How To Smartly Invest in Kenya Startup Ecosystem As An Angel Investor

Investing as an angel is rock hard but when you hit the jackpot, it brings the best fortune.

Angel investment is the stage where founders change ideas to make it a product. It's a hiatus process but I will provide you with few tactics you can use to make a smart decision in choosing your target or joining the angel investment market in Kenya.

JOIN A NETWORK

This is the first step into joining the Kenya startup ecosystem. Networks are so connected to the industry and when you register as an angel investor, you are guaranteed to have discussions with other angel investors like you, attend meetings, know the process of angel investment and come across great startup founders.

The biggest and the most successful angel investment network in Africa is The African Business Angel Network (ABAN) , a Pan-African non-profit association that was founded in early 2015 in South Africa to support the development of early-stage investor networks across the continent and to grow the cohort of early-stage investors excited about the opportunities in Africa.

The network in its website explains,

"seeks to promote a culture of angel investing across Africa. With networks of Angel Investors emerging across the continent, ABAN serves to connect them and works to collect knowledge and develop best practices in order to share this with African investors. At its core, ABAN exists to create a contact point for existing networks, to support stakeholders involved in building the ecosystem, and to promote the creation of new Angel Investor networks. In turn, ABAN ultimately seeks to build the SME economy and improve the climate for entrepreneurs".

ABAN was started as a consortium of independent investor networks including Lagos Angels Network (LAN), Cameroon Angel Network (CAN), Ghana Angel Investor Network (GAIN), Venture Capital for Africa (VC4Africa), and Silicon Cape; supported by the European Business Angel Network (EBAN), the LIONS Africa Partnership and DEMO Africa.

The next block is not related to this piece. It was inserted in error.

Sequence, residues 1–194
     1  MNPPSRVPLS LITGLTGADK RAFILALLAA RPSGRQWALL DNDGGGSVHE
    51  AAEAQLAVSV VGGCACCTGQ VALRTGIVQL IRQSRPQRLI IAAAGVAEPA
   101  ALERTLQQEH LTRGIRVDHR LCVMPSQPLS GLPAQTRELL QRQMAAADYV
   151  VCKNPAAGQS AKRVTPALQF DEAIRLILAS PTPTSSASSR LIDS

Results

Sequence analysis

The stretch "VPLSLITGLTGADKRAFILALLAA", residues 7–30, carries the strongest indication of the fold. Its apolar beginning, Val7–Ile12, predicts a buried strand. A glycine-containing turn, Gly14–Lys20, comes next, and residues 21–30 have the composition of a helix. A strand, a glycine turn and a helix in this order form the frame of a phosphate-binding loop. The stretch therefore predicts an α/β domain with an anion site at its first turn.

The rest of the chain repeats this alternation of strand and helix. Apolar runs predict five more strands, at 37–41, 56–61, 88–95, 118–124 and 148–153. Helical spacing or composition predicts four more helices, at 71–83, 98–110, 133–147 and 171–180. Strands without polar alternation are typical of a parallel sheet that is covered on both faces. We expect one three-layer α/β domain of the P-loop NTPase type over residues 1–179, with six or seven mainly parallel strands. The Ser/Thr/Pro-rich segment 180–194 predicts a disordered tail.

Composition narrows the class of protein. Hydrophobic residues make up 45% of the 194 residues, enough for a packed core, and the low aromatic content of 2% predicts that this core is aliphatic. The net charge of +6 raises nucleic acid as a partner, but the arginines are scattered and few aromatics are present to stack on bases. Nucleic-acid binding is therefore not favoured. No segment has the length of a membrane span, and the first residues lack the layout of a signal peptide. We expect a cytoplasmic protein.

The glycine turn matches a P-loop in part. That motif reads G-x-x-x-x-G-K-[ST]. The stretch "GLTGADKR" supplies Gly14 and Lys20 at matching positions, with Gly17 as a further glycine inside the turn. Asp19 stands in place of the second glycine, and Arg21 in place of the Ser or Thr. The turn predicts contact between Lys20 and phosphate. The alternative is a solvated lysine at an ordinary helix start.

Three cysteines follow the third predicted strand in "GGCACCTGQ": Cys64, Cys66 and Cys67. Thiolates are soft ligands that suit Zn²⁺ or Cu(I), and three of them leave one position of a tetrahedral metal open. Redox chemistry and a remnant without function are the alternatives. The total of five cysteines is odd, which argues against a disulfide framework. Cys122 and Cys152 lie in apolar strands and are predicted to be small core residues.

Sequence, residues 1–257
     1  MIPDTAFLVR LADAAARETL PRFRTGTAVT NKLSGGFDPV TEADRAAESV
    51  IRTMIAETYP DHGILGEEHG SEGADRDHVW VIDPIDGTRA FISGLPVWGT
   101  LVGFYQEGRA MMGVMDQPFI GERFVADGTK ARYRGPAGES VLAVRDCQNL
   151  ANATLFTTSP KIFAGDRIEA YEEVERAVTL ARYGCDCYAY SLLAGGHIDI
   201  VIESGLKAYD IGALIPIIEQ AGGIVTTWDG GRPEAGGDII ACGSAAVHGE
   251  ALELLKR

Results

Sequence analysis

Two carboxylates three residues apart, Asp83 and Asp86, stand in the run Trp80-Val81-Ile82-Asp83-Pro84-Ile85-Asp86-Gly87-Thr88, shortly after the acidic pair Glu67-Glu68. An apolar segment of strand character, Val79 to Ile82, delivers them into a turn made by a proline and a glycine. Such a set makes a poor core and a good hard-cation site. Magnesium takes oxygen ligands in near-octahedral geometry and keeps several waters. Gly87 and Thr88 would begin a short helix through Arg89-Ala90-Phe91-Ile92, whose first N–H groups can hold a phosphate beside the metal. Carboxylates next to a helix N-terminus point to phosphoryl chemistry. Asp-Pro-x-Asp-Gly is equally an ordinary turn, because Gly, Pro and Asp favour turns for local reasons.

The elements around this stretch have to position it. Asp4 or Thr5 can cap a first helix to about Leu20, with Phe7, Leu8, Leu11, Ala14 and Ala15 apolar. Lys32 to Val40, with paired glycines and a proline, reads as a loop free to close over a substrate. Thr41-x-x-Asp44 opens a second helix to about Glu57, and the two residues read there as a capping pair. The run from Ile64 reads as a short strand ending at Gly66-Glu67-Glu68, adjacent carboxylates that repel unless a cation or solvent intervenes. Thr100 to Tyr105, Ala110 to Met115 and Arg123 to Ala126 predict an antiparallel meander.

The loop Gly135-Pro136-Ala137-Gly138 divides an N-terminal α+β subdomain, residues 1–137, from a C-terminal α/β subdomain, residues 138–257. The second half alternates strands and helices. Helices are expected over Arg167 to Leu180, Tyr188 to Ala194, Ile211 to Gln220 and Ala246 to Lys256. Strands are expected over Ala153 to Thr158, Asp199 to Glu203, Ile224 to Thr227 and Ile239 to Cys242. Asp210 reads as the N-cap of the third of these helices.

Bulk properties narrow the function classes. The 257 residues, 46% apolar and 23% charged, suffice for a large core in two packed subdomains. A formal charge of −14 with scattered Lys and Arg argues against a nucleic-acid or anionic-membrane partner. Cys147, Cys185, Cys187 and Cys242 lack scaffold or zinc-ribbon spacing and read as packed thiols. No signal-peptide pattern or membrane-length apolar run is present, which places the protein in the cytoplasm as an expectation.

With a common goal of connecting these African networks, supporting new investors and networks to maximize their impact, and connecting African investors to their global counterparts, the need to form a Pan-African association of Angel Investor networks and other early-stage investors became clear, and ABAN was born.

The network promotes a culture of angel investing in Africa at large, support existing network, help develop new networks, and training of individual Angels.

Back at home, you can also join firms such as Viktoria Ventures, one of the first angel investment network in Kenya. Founded in 2015, it's a start-up ecosystem development venture focused on attracting local and international angel investors to the best start-ups emerging in East Africa’s innovation space.

Angel investment network (Kenya investment network)

This the world largest online angel investment community in the world. It has 30 branches extending to 80 different countries and has 1,116,529 registered members with 199,602 investors and 916,926 entrepreneurs. They have already raised US$300 million for some of the coolest startups in the UK and across the world. Go to their website (angelinvestmentnetwork.co.ke), create an account as an investor end you will see potential startups in Kenya and across the world to invest in.